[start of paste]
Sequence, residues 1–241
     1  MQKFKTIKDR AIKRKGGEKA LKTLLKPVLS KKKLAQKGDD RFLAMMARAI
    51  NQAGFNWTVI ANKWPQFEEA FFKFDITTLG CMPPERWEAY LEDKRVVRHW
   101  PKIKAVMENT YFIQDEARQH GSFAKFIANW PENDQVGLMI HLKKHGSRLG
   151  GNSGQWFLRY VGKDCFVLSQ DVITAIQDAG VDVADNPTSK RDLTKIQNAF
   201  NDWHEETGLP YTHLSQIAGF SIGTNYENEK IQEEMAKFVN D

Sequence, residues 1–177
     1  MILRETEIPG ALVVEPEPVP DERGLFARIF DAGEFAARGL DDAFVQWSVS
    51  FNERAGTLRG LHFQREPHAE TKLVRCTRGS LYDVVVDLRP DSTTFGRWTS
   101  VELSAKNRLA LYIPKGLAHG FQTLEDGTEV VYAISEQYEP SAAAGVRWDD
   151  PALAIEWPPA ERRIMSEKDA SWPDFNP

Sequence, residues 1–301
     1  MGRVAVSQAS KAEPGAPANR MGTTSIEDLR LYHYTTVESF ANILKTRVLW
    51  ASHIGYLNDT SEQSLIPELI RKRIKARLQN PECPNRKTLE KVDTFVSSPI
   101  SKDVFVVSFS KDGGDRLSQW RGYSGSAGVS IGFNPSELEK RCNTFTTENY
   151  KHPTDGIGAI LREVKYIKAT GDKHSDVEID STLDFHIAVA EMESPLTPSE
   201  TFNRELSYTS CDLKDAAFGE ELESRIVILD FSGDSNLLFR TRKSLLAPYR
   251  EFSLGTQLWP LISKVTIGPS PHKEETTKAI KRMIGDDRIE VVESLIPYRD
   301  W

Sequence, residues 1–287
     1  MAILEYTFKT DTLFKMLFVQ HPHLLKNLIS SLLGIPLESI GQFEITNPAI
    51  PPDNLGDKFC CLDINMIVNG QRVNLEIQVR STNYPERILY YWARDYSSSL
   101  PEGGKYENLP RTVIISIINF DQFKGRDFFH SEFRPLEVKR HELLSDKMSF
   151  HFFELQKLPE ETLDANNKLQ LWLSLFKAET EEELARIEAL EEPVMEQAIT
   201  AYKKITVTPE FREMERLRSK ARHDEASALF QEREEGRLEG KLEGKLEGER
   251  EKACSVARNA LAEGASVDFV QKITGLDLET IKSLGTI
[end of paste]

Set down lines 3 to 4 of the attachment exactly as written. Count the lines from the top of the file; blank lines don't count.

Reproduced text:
    51  NQAGFNWTVI ANKWPQFEEA FFKFDITTLG CMPPERWEAY LEDKRVVRHW
   101  PKIKAVMENT YFIQDEARQH GSFAKFIANW PENDQVGLMI HLKKHGSRLG